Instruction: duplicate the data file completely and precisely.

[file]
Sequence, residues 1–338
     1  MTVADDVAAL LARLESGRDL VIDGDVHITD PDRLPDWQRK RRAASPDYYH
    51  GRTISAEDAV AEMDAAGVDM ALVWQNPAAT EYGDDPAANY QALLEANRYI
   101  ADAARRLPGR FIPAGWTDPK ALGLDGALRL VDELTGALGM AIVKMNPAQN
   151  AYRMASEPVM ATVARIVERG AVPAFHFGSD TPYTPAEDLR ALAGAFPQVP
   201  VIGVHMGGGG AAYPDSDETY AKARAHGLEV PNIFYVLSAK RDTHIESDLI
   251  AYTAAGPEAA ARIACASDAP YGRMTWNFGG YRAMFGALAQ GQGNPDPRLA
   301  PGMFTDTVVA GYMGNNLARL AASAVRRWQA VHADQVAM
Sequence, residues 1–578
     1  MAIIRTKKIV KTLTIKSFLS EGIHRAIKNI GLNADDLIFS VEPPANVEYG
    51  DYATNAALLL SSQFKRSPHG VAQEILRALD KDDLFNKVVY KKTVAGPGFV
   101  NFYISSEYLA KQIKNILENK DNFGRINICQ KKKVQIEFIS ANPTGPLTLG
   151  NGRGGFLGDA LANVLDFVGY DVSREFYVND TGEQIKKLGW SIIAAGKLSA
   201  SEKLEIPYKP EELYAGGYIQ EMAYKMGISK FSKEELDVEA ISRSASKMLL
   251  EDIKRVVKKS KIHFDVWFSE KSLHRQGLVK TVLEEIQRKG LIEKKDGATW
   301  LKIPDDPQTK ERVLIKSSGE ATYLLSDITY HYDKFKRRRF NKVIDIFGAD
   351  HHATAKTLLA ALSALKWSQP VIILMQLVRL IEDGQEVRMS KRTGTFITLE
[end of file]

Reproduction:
Sequence, residues 1–338
     1  MTVADDVAAL LARLESGRDL VIDGDVHITD PDRLPDWQRK RRAASPDYYH
    51  GRTISAEDAV AEMDAAGVDM ALVWQNPAAT EYGDDPAANY QALLEANRYI
   101  ADAARRLPGR FIPAGWTDPK ALGLDGALRL VDELTGALGM AIVKMNPAQN
   151  AYRMASEPVM ATVARIVERG AVPAFHFGSD TPYTPAEDLR ALAGAFPQVP
   201  VIGVHMGGGG AAYPDSDETY AKARAHGLEV PNIFYVLSAK RDTHIESDLI
   251  AYTAAGPEAA ARIACASDAP YGRMTWNFGG YRAMFGALAQ GQGNPDPRLA
   301  PGMFTDTVVA GYMGNNLARL AASAVRRWQA VHADQVAM
Sequence, residues 1–578
     1  MAIIRTKKIV KTLTIKSFLS EGIHRAIKNI GLNADDLIFS VEPPANVEYG
    51  DYATNAALLL SSQFKRSPHG VAQEILRALD KDDLFNKVVY KKTVAGPGFV
   101  NFYISSEYLA KQIKNILENK DNFGRINICQ KKKVQIEFIS ANPTGPLTLG
   151  NGRGGFLGDA LANVLDFVGY DVSREFYVND TGEQIKKLGW SIIAAGKLSA
   201  SEKLEIPYKP EELYAGGYIQ EMAYKMGISK FSKEELDVEA ISRSASKMLL
   251  EDIKRVVKKS KIHFDVWFSE KSLHRQGLVK TVLEEIQRKG LIEKKDGATW
   301  LKIPDDPQTK ERVLIKSSGE ATYLLSDITY HYDKFKRRRF NKVIDIFGAD
   351  HHATAKTLLA ALSALKWSQP VIILMQLVRL IEDGQEVRMS KRTGTFITLE